The Gaslight Anthem @ Corn Exchange, Edinburgh

The Gaslight Anthem received a lot of unwarranted criticism in the wake of their fifth studio release, Get Hurt, earlier this year and this show – part of the band’s biggest UK tour to date – felt a little like going back to basics.  And the results were resounding.

From early in the night Brian Fallon had told the audience that the Corn Exchange was “another venue with a curfew” and so the band wouldn’t “waste a song on an encore”, meaning that this gig was played at a breakneck speed from the first note.  The only notable pause coming when Fallon expressed astonishment at the number of birthday requests he’d been receiving on Twitter through the day from fans attending the gig;  “It can’t be all of y’all’s birthdays!”

This was a breathless, sweaty (very sweaty!) affair with a real electric energy, both on stage and on the floor.  Whilst I felt that some of the new material didn’t quite have so much impact – save maybe for Selected Poems, which was sandwiched midset between a thunderous Mulholland Drive and Biloxi Parish – some old favourites flourished in the intense environment.  Great Expectations was given a low tempo makeover, evoking memories of the Revival Tour; The Patient Ferris Wheel made a relatively rare and welcome airing and We Came To Dance seethed and soared with excitement.

It’s a rarity to find a gig with so many highs and virtually no lows or idle lulls, but The Gaslight Anthem at full throttle provided that last night.  From the hooks and choruses of The ‘59 Sound through the mega sing-along qualities of “45” to the ideal set-closer (not just here, but at any gig) The Backseat, this show had everything.  It was a perfect setlist for the night and a flawless performance from the band.

The Gaslight Anthem played:

Have Mercy
The ’59 Sound
The Patient Ferris Wheel
1,000 Years
Even Cowgirls Get The Blues
Helter Skeleton
Underneath The Ground
Film Noir
Mulholland Drive
Selected Poems
Biloxi Parish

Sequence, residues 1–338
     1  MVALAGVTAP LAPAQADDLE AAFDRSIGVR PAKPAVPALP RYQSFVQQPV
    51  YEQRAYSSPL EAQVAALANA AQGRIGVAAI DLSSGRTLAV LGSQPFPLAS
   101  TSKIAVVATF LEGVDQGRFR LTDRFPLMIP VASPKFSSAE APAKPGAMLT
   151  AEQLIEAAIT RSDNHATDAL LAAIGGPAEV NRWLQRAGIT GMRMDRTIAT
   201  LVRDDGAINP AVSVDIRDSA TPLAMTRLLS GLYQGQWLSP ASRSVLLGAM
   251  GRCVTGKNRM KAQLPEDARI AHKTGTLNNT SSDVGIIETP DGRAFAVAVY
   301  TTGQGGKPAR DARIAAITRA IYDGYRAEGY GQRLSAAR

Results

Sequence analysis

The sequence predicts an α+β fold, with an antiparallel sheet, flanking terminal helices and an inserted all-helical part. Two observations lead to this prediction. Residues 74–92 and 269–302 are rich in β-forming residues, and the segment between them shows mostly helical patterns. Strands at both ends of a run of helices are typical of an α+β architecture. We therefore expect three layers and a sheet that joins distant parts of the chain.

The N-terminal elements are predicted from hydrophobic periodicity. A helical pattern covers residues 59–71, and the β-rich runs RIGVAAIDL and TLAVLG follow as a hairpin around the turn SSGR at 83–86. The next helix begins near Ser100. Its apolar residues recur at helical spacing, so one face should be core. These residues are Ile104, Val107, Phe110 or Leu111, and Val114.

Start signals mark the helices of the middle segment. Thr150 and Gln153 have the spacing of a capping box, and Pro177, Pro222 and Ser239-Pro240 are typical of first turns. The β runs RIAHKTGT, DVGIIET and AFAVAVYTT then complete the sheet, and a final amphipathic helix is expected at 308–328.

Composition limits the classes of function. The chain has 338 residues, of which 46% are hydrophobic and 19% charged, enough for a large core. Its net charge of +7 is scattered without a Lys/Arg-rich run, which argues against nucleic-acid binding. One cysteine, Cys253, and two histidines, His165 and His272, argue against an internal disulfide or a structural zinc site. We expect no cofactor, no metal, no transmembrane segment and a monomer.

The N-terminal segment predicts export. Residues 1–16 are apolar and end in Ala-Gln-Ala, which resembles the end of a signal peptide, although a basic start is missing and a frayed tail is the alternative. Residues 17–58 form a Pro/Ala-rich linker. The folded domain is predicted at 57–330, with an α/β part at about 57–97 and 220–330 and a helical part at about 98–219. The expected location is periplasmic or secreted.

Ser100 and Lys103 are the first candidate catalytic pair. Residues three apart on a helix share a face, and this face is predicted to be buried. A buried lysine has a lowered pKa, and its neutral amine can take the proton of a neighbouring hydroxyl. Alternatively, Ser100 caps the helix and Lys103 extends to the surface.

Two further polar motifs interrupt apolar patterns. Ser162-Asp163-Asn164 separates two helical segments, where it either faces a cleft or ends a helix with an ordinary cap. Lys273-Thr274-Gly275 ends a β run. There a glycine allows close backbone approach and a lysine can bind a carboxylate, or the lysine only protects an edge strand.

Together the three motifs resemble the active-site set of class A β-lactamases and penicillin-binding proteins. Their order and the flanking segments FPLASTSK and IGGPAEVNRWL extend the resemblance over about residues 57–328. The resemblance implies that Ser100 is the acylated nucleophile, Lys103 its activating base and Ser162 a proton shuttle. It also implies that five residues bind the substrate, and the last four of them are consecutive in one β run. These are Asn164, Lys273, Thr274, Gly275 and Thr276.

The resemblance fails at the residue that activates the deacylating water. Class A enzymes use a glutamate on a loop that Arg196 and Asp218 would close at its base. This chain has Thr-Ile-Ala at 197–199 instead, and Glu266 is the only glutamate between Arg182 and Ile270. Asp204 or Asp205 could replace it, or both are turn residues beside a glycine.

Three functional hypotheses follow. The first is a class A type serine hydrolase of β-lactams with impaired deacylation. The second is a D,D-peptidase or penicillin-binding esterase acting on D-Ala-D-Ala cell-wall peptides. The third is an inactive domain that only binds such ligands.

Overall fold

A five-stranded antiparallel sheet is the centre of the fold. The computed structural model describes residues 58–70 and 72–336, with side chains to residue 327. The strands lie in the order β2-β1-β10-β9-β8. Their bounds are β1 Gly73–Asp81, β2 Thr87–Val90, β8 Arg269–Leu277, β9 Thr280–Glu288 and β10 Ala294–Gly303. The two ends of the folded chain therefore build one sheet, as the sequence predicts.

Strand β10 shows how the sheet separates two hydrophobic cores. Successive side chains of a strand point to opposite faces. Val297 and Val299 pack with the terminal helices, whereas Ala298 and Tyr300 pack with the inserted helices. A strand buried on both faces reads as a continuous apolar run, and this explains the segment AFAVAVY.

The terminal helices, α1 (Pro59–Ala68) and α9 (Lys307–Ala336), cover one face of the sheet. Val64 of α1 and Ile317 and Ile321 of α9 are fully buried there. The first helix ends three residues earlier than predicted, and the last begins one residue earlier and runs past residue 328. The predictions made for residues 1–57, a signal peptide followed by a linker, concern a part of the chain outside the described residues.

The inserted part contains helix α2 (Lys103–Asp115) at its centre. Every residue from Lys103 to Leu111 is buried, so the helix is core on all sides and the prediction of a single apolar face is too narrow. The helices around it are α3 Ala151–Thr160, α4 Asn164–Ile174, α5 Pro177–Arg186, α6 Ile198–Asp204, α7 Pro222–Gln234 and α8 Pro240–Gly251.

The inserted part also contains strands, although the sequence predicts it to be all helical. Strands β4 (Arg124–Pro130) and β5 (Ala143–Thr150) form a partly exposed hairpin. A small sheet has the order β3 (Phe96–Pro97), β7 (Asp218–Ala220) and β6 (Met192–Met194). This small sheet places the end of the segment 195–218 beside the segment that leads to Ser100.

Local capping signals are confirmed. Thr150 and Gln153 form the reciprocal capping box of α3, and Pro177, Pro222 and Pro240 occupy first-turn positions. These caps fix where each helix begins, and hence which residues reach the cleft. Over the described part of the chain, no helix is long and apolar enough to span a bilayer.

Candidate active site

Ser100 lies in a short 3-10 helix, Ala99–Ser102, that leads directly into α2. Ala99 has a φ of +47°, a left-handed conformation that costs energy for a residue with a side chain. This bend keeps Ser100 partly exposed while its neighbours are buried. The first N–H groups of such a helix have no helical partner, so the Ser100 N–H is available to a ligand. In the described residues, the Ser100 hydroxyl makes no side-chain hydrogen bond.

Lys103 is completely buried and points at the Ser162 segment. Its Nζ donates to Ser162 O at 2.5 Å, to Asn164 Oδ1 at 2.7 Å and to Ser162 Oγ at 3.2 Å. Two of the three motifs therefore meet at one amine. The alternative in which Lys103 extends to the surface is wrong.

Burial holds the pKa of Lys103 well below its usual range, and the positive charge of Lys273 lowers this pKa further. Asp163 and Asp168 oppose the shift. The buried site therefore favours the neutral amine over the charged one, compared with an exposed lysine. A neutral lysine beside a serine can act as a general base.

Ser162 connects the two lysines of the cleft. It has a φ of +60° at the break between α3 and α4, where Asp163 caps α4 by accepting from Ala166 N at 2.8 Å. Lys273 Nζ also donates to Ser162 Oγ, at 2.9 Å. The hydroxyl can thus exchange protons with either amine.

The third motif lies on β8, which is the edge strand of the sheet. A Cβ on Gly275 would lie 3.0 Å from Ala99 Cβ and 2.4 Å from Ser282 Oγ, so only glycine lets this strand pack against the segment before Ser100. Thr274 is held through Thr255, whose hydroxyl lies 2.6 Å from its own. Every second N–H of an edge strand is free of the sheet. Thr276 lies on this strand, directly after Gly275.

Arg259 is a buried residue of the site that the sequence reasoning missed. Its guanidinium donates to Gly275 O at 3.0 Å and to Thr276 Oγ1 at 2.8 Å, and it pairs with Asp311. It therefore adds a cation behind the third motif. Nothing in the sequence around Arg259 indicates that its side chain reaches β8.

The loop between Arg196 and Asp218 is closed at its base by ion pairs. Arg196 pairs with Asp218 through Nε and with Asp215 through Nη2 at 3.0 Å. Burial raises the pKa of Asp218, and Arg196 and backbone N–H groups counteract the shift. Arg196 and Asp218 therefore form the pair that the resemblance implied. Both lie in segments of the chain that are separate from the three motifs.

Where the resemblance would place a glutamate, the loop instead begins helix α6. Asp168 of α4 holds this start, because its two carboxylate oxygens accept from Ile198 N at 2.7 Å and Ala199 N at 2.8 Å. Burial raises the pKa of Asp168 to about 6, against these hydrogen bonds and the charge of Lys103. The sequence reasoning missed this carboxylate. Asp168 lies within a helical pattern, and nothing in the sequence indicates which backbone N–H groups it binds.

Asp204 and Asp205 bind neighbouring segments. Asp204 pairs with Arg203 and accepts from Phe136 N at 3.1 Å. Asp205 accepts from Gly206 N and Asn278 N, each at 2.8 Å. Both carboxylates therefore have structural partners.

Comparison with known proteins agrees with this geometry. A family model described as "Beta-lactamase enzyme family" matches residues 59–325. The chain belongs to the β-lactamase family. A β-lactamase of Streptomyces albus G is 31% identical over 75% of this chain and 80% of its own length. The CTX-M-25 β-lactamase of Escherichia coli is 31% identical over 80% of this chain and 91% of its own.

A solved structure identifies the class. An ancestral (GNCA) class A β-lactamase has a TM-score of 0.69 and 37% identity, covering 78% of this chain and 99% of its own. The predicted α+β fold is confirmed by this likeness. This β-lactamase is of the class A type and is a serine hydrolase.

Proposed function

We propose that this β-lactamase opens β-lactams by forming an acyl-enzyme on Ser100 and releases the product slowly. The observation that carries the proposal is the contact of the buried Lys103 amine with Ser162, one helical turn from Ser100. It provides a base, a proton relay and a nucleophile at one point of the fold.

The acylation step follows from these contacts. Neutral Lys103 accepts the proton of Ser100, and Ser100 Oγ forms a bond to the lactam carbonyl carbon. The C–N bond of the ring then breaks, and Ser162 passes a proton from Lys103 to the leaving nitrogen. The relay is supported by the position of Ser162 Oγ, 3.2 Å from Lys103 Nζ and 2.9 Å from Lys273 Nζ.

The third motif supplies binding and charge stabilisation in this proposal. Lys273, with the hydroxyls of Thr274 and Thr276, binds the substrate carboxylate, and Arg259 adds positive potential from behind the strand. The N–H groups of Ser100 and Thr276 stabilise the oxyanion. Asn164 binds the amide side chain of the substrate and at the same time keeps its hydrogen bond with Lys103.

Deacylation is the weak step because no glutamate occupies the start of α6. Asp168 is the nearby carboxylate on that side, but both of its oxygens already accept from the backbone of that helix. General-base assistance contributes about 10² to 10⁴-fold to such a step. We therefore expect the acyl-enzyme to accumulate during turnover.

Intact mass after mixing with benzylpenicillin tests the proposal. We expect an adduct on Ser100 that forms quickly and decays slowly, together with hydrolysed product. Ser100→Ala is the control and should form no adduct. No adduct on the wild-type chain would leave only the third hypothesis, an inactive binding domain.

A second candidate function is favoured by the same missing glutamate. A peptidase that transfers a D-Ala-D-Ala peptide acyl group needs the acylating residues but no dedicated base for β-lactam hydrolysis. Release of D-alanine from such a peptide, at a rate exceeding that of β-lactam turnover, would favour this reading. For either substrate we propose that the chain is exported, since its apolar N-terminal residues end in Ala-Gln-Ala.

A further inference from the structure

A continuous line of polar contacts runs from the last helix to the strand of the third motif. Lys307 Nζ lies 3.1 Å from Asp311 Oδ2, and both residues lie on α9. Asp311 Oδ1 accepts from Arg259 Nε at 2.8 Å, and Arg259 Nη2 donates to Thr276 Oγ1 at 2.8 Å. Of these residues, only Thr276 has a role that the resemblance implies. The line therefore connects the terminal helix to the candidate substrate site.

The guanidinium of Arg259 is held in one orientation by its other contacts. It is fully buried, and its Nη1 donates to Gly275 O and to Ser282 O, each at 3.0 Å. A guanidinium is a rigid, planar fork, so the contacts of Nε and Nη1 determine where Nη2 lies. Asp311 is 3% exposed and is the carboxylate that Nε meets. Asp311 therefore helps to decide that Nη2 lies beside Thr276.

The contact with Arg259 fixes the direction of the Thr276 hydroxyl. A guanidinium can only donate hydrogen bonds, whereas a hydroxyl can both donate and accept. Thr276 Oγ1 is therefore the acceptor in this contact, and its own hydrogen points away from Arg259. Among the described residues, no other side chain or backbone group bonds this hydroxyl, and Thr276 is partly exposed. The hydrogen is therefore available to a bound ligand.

Great Expectations
Old Haunts
Get Hurt
American Slang
We Came To Dance
The Backseat

Frank Turner & The Sleeping Souls @ Corn Exchange, Edinburgh

This was Frank Turner’s largest Scottish show to date, and despite underlying back pain from a slipped disc suffered last year he displayed all of the qualities which brought him here, via the opening ceremony of the London Olympics and a successfull appearence on Celebrity Mastermind.

There are a few things one can expect at a Frank Turner gig:  several sing-alongs; smatterings of punk rock; boundless enthusiasm (both on and off stage) and camaraderie rank amongst them, and they were all there in abundance at the Corn Exchange last night.

From opening number Photosynthesis (the line “so I’ll play and you’ll sing” was never more fitting than last night) to the frenetic finish of Four Simple Words, this was a relentless charge through Frank’s burgeoning career – a career which seemingly appeals to all generations:  there were daughters here with fathers, while one elderly couple attempted to relive the experience of an earlier Dylan concert.

There was a fine balance between old and new in the set, with Turner himself noting that he’s careful not to alienate any one person or level of fan base.  This was a show for everybody, and so we got Plain Sailing Weather, The Way I Tend To Be, Losing Days and Recovery from the recent Tape Deck Heart – the latter forming the basis of Frank’s scientific experiment to find the loudest city on the UK tour – while older fans appreciated Father’s Day and To Take You Home, which was accompanied by a touching story about Frank’s doomed relationship with a French girl.

But it’s the sing-along element of a Frank Turner gig which really sets it apart from just about any live experience going.  Songs like Wessex Boy, If I Ever Stray and I Still Believe almost demand audience participation.  At that time, at that place, during those moments, everyone is equal.  And that was never more evident than in the first song of the encore when Frank strode onto stage with his acoustic guitar and announced that he wouldn’t be singing the next song – The Ballad of Me and My Friends – the audience would be.  And we did.  And it was triumphant.

Frank Turner live is an experience every fan of music should enjoy.